Is a vegan diet unhealthy?

Vegan Diet: Healthy or Harmful?

For some time now, things have been much easier for them than a few years ago: vegans. You can find vegan menus on the menus of the restaurants, order your soy latte in vegan cafés, buy groceries in the supermarket around the corner and cook according to recipes that you can find in vegan cookbooks. It seems as if the vegan diet has finally arrived in everyday life.

But there are still uncertainties and prejudices about the vegan diet. Questions like “What to eat vegan at all? ”and“ Isn't that unhealthy in the long run? ”will be met by anyone who consciously refrains from animal foods. In the following lines you will find exciting facts about vegan nutrition. How healthy or harmful is it really to do without fish, meat, eggs, dairy products and honey? Find out here!

Reasons for a vegan diet

Eating vegan means removing all animal products from the shopping list. In addition to the foods mentioned above, this also includes leather, care products and cosmetics that contain animal components in many cases. But why are more and more people in favor of a vegan diet or a vegan lifestyle? Many vegans' reasons are either health or ethical. Below you will find the most important and most frequently mentioned reasons.

Vegan nutrition for animal welfare

For many, factory farming is at the top of the list of reasons for opting for a vegan diet. You do not want to support animal suffering in mass farms. Real vegans also strictly reject responsible organic farming. After all, the animals are slaughtered, milked or something similar in the end anyway.

Vegan nutrition for health

Another reason for a vegan diet is to do something good for yourself. The consumption of meat and dairy products is suspected of promoting common diseases such as heart attacks, strokes and cancer. Statistically speaking, those who omit meat and dairy products have a good chance of avoiding these diseases. But other pitfalls such as deficiency symptoms lurk - more on that later.

Vegan nutrition for the environment

Animal husbandry is not exactly environmentally friendly. It causes about as many greenhouse gases as all road, air and freight traffic on the water combined. By doing without animal products, vegans make a direct contribution to relieving the burden on the environment. In addition, animal husbandry is far from efficient because of the huge amount of water, grain and soy that is used.

Benefits of a vegan diet

By greatly reducing the consumption of animal-based foods, many problems could be solved in one fell swoop. A vegan diet prevents the suffering of many breeding animals, reduces environmental pollution and increases your own health by lowering the risk of diabetes, preventing kidney and intestinal diseases and even positively influencing joint inflammation. Since changing their diet, some vegans even feel more balanced, more able to concentrate and more satisfied overall. Of course, all of this is only possible if the vegan diet is balanced and does not lead to deficiency symptoms.

Risks of a vegan diet

Vegans today are probably better educated than ever before about the difficulties and risks of their vegan diet. In particular, the aspect of nutrient deficiency should be taken into account. A purely plant-based diet can lead to a reduced intake of protein, vitamin A, vitamin B1, vitamin B12, iron, zinc and omega-3 fatty acids.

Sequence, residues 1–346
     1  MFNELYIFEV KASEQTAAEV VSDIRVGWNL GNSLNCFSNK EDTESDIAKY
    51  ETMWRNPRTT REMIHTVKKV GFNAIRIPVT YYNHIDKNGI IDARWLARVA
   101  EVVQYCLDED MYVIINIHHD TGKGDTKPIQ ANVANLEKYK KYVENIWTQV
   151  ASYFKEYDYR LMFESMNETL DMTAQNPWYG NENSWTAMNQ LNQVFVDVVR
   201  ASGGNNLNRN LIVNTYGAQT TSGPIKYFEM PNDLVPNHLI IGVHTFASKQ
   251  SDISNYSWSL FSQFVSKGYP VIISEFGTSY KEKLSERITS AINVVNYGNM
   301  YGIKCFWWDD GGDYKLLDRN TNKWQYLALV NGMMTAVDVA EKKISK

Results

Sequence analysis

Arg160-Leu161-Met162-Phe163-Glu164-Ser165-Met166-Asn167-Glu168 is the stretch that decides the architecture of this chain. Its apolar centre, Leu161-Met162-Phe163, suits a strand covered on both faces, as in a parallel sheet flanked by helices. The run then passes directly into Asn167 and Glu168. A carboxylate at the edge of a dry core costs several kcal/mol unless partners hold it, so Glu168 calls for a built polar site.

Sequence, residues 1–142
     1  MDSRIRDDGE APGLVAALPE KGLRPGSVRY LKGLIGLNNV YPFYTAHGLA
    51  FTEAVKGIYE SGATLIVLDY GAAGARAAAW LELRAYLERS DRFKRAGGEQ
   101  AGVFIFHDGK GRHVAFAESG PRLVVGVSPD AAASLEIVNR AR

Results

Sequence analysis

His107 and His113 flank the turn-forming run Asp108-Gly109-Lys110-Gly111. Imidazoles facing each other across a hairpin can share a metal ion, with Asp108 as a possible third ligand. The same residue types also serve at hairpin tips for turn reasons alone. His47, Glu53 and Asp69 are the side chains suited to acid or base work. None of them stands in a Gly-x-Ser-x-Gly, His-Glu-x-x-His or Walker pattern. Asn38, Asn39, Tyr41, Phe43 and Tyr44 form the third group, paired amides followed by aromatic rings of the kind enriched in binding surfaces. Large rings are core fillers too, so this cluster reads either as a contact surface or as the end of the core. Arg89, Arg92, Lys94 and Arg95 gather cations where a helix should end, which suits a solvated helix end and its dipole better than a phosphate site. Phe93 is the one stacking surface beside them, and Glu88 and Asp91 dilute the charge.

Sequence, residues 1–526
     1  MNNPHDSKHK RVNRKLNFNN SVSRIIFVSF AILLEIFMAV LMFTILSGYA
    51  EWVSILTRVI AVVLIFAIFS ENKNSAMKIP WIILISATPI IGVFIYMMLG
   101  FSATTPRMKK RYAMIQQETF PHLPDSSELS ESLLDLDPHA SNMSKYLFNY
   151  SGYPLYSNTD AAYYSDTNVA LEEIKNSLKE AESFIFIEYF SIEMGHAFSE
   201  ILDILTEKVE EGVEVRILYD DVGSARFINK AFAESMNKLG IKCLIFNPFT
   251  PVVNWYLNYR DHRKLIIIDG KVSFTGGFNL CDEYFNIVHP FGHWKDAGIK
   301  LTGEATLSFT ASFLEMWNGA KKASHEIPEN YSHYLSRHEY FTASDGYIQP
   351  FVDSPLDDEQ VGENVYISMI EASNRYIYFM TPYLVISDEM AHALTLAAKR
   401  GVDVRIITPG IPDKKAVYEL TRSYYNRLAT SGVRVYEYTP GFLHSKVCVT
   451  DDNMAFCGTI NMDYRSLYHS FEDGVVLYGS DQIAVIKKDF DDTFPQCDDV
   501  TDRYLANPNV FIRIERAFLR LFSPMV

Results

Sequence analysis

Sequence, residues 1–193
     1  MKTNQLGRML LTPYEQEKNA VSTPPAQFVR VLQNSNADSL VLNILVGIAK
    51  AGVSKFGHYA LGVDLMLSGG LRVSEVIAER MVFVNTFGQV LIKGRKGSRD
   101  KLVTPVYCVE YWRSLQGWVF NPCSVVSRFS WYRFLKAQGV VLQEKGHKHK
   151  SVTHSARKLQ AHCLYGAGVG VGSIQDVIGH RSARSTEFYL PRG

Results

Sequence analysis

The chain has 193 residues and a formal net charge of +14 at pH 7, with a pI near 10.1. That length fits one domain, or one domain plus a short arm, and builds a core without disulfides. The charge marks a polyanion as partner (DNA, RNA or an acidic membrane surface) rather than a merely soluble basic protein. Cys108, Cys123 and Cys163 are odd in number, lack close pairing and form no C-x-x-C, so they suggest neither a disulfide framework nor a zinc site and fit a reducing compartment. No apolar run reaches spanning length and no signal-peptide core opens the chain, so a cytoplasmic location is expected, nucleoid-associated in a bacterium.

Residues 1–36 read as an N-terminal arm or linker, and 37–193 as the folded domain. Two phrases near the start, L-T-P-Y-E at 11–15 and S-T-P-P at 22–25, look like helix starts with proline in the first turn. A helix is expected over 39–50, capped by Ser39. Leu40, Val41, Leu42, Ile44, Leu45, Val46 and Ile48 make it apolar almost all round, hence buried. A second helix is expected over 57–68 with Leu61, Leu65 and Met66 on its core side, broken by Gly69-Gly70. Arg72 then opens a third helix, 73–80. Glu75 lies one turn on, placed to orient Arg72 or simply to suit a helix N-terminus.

If these vitamins and nutrients are lost without replacement, this can result in serious damage. Persistent iron and protein deficiencies affect the hormonal system, for example, a deficiency in zinc affects the immune system and metabolic processes, and too little calcium damages bones and teeth. Nutrient deficiency can even lead to irreparable damage to the nervous system.

Because of this, one is pure vegetable diet Not recommended for sick people, pregnant women, breastfeeding women, children, adolescents in the growth phase, extreme athletes and the elderly. Even as a healthy adult, you should definitely consume supplementary nutritional supplements with a vegan diet over a longer period of time. Anyone who is unsure whether their vegan diet contains important vitamins and which nutrients they are lacking should have a medical blood test carried out.

Trend, marketing or attitude to life?

The vegan diet is trendy. It has established itself in everyday life, is offered in restaurants, cafes and supermarkets and is used quite cleverly for marketing purposes. Instead of deficiency symptoms and doing without, it now stands for health and enjoyment. It is important not to be blinded to the question of whether the vegan diet is suitable for you. Because a vegan diet is not something you just know in passing.

On the contrary, it demands you at the beginning of the Diet change good planning. Because if you leave out essential nutrients that are contained in fish, meat, eggs and dairy products overnight, you have to offer your body alternatives. Above all, those who have not previously followed a vegetarian diet or have renounced lactose, but want to do without animal foods for the first time, must expect a change.

Basically, it can be said that the vegan diet is a way of life. You're not vegan because it's trendy or because your best friend does it. You follow this diet because you are convinced that it will do something good for yourself and your environment.

Vegan Diet: Yes or No?

The question of a yes or no can be answered just as little uniformly as the question of whether a vegan diet is healthy or harmful. The answer will vary from person to person and will depend a lot on how willing you are to deal with vegan nutrition.

It can be healthy, environmentally friendly and delicious - but other types of nutrition can do that too. As a vegan you can also eat the wrong things - or live an unhealthy life by not eating important vitamins. So it all depends on you and your implementation of the vegan diet.